What Impairments are Likely to Constitute Disabilities under the ADA?

The EEOC’s regulations implementing the ADA Amendments Act of 2008 stress that an individual assessment is necessary in all cases to determine whether an individual is disabled within the meaning of the ADA.  The EEOC does, however, take the position that the individualized assessment of some types of impairments will, in “virtually all cases,” result in a finding that the impairment substantially limits a major life activity.  29 C.F.R. § 1630.2(j)(3).  The EEOC provided the following list of such impairments:

  • Deafness substantially limits hearing.
  • Blindness substantially limits seeing.
  • An intellectual disability (formerly termed mental retardation) substantially limits brain function.
  • Partially or completely missing limbs or mobility impairments requiring the use of a wheelchair substantially limit musculoskeletal function.
  • Autism substantially limits brain function.
  • Cancer substantially limits normal cell growth.
  • Cerebral palsy substantially limits brain function.
  • Diabetes substantially limits endocrine function.
  • Epilepsy substantially limits neurological function.
  • Human Immunodeficiency Virus (HIV) infection substantially limits immune function.
  • Multiple sclerosis substantially limits neurological function.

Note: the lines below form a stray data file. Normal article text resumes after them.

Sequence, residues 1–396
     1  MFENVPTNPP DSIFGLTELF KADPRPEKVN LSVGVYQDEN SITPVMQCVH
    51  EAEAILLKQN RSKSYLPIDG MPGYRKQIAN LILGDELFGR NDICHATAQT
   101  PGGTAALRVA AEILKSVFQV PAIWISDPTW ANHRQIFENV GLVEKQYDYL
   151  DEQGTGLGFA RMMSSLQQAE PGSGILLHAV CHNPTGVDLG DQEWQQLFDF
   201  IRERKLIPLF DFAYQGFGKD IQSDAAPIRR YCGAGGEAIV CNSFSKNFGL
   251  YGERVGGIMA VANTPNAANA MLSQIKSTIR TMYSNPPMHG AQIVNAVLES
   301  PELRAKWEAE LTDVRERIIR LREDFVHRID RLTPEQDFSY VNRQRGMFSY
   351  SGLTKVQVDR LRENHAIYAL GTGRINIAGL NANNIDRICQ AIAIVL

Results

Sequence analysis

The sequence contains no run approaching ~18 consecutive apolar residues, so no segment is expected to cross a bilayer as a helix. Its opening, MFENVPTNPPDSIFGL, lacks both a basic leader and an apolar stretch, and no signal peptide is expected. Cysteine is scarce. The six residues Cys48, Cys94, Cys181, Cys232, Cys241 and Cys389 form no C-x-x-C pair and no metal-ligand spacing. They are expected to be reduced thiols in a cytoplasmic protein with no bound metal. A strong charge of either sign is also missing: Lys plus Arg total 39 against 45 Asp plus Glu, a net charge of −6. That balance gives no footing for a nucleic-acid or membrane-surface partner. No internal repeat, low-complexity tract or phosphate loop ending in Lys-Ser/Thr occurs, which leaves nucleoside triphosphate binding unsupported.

• Muscular dystrophy substantially limits neurological function.
  • Major depressive disorder, bipolar disorder, post-traumatic stress disorder, obsessive compulsive disorder, and schizophrenia substantially limit brain function.

It is important to note that the EEOC does not assert that the foregoing impairments are per se disabilities.  Rather the EEOC requires an individualized assessment in all cases, even those cases involving one of the above-listed impairments.

About Danielle Fitzsimmons

Danielle Fitzsimmons is an attorney in the Employment, Benefits, and Labor section of Briggs and Morgan, P.A. Danielle focuses her practice on employment litigation and counseling. For Danielle's full bio, click here.

Posted on October 5, 2011, in Accommodations and Accessibility. Bookmark the permalink. Leave a comment.

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